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Opinion | Let’s Talk About Bloomberg While We Still Can

Gail Collins: Congratulations, Bret. Michael Bloomberg just stuck his toe in the presidential race. I’m sure he was inspired by our last conversation in which you pleaded for a Bloomberg candidacy. I loved your argument that he had “nothing to lose except 2 percent” of his net worth.

Think it’s really going to happen?

Bret Stephens: Who knew I had so much influence? I think my public pleading may have affected Bloomberg’s decision by about 0.0000001 percent. But the poll that we published last week — the one showing Trump competitive with, or beating, Joe Biden, Elizabeth Warren and Bernie Sanders in six battleground states — surely had a lot to do with his move.

Gail: See, that’s a can-do spirit. I saw that poll and just got depressed. Some people go into a funk. Others register for the Alabama primary.

Bret: As for my political forecasts, I’ve learned over the years that they aren’t worth much more than a bag of dirt. So I have no idea whether it will work for him or not (assuming he really does run) at least when it comes to getting the nomination. Today’s Democratic Party is much more ideologically left-wing than what it was in the 1990s.

Gail: Not going to divert us with a comment on today’s Republican Party. Go on.

Bret: What I do think is that the Democratic field has been considerably enriched — pun intended — by Bloomberg’s apparent entry. His money could also help flip the Senate for the Democrats, win some governorships, and expand the majority in the House. And I think he could trounce Trump in the general.

What’s your view? Do you share my enthusiasm for the former mayor of our fair city?

Gail: Recently read a new Bloomberg biography by our former colleague Eleanor Randolph and it reminded me how good he was at his job. However, no mayor of New York City has ever been elected president.

Bret: About time. It’s one of the toughest jobs in American politics.

Gail: Couple of reservations: One is that Bloomberg does not have a whole lot of support in African-American communities, undoubtedly in part because people remember his police department’s enthusiasm for stop-and-frisk. Also, Donald Trump won the last election thanks to a perception by many average Americans that the coastal elites looked down on them. And Bloomberg is not a guy who suffers fools gladly.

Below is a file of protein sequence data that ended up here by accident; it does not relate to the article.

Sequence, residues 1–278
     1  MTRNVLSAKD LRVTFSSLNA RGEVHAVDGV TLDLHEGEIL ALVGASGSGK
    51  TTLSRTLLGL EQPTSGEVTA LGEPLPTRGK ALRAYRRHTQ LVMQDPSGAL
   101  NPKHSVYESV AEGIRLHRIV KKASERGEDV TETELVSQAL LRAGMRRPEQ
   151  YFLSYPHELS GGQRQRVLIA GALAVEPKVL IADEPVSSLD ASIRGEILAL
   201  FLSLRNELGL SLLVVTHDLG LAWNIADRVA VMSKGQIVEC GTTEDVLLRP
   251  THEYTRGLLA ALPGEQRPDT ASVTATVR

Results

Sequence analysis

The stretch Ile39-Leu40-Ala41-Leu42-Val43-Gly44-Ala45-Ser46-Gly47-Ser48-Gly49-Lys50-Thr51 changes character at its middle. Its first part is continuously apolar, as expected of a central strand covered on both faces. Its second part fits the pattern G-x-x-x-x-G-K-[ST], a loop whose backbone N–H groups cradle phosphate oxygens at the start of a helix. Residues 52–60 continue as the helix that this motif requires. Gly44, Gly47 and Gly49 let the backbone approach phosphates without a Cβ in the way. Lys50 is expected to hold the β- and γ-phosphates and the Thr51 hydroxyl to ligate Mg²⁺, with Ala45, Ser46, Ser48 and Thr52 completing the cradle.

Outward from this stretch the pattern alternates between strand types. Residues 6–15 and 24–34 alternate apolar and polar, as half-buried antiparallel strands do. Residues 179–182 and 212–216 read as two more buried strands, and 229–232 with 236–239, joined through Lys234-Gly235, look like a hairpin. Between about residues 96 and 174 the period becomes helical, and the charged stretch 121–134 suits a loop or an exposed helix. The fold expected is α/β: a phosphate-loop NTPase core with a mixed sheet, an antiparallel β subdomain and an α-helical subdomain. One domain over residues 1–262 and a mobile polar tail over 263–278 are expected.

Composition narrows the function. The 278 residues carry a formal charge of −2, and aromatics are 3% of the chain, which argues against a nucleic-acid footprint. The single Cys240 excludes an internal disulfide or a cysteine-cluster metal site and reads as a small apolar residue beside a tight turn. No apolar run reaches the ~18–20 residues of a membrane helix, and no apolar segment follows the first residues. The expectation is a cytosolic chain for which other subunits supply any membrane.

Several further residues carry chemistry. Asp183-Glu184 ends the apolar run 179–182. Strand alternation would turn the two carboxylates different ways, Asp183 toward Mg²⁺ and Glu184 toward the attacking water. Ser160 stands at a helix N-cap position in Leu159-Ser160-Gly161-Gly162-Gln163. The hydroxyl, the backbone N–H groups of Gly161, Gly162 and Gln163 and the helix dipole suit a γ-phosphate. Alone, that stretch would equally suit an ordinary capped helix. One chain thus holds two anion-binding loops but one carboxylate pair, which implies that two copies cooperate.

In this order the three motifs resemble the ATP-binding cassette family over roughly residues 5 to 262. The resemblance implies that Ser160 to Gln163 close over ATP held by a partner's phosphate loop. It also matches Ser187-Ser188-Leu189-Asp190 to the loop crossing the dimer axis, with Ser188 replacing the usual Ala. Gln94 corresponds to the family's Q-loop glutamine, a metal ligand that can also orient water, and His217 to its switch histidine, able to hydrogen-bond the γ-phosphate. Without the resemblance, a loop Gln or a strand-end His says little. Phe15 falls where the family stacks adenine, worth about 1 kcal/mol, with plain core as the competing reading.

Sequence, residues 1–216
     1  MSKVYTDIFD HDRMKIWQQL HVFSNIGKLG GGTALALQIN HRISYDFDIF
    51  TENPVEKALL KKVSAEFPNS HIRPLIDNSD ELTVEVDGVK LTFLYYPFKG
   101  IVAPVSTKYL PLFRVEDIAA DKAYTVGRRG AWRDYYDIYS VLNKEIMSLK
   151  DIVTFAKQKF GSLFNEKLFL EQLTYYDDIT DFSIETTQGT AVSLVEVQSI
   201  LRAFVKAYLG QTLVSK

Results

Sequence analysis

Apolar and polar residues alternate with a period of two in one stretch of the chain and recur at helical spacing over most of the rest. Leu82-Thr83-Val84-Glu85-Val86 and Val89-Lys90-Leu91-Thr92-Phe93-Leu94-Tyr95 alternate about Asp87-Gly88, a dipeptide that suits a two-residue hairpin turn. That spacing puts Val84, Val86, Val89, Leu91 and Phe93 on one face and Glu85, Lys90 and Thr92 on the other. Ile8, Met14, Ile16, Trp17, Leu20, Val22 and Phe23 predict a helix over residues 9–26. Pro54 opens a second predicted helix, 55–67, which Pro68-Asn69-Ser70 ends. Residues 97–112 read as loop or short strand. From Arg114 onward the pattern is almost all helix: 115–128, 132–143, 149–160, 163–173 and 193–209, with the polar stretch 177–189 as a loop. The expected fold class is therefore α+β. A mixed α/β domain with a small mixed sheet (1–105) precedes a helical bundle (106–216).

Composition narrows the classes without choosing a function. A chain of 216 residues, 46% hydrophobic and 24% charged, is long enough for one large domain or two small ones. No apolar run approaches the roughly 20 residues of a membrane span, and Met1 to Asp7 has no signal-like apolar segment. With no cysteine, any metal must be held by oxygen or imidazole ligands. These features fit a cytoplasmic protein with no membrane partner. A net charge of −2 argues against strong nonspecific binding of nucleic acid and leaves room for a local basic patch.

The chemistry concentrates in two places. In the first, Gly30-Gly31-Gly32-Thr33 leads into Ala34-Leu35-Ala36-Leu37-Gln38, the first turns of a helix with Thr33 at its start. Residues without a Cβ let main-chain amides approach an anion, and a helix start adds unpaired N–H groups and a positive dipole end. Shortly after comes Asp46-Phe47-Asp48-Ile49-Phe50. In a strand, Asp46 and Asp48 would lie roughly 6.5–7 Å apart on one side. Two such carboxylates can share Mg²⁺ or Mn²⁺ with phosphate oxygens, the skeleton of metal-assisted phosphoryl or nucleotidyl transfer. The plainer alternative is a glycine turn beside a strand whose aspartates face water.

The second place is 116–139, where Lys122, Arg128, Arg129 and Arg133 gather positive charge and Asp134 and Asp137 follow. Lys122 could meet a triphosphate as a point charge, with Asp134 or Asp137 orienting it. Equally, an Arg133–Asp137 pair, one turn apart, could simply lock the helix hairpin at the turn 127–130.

Bret: Still worth remembering that Bloomberg won nearly half of the African-American vote in 2005 when he ran for re-election as a Republican against a Hispanic opponent.

Gail: I don’t have reservations about whether Bloomberg could be a good president. But I’m still not convinced he could get there. Spin me the story of how he wins the nomination and trumps the Trump.

Bret: Beating Trump would be the easy part — assuming he can secure the nomination. Democrats will vote for him because he isn’t Trump, and because he shares their core values when it comes to reproductive rights, gun control and climate change. Independents will vote for him because he isn’t Trump and because they know he will be a good steward of the economy and a capable champion of American interests and values. That leaves Trump with nobody except his hard-core base, which is about 40 percent of the electorate.

I also see Bloomberg easily winning Florida. Our first Jewish president! I’m kvelling already.

Gail: He’d be the first-whole-bunch-of-things. Time for a change!

Bret: The toughie is getting the nomination. He’s an East Coast Master-of-the-Universe when Democrats have become the party that wants to “cancel billionaires,” whatever that means. He is jumping in the race very late and will tick off some voters for seeming like an opportunistic Johnny-come-lately. He will have a hard time winning in Iowa, where other candidates have been stumping for months. But he should definitely try to compete in New Hampshire. He needs a strong showing in at least one state to prove he’s for real and can actually win votes rather than merely buy them.

Gail: Looks like his plan is to skip Iowa and New Hampshire. Which worked so well for that other New York mayor, Rudy Giuliani. Still remember covering the Giuliani presidential campaign in Florida, watching him try to casually walk along the beach in a suit.

But I would never insult Bloomberg by comparing him to Rudy …

Bret: Comparing Bloomberg to Giuliani is like comparing Carlos Santana to Axl Rose: One of them definitely did not get better with age.

Bloomberg’s appeal to Democrats must be along the lines that he’s a uniter in an age of division; that he made his fortune honestly, ran his business ethically and has given billions back; that he’s ready to be president on Day 1; that he will restore sanity and sobriety to our politics; and, above all, that he is the only moderate in the race with a sure shot at the election. People love Pete Buttigieg, but he’s just too young. People should love Michael Bennet, but he failed to catch fire. And people don’t love Cory Booker because he seems way too contrived.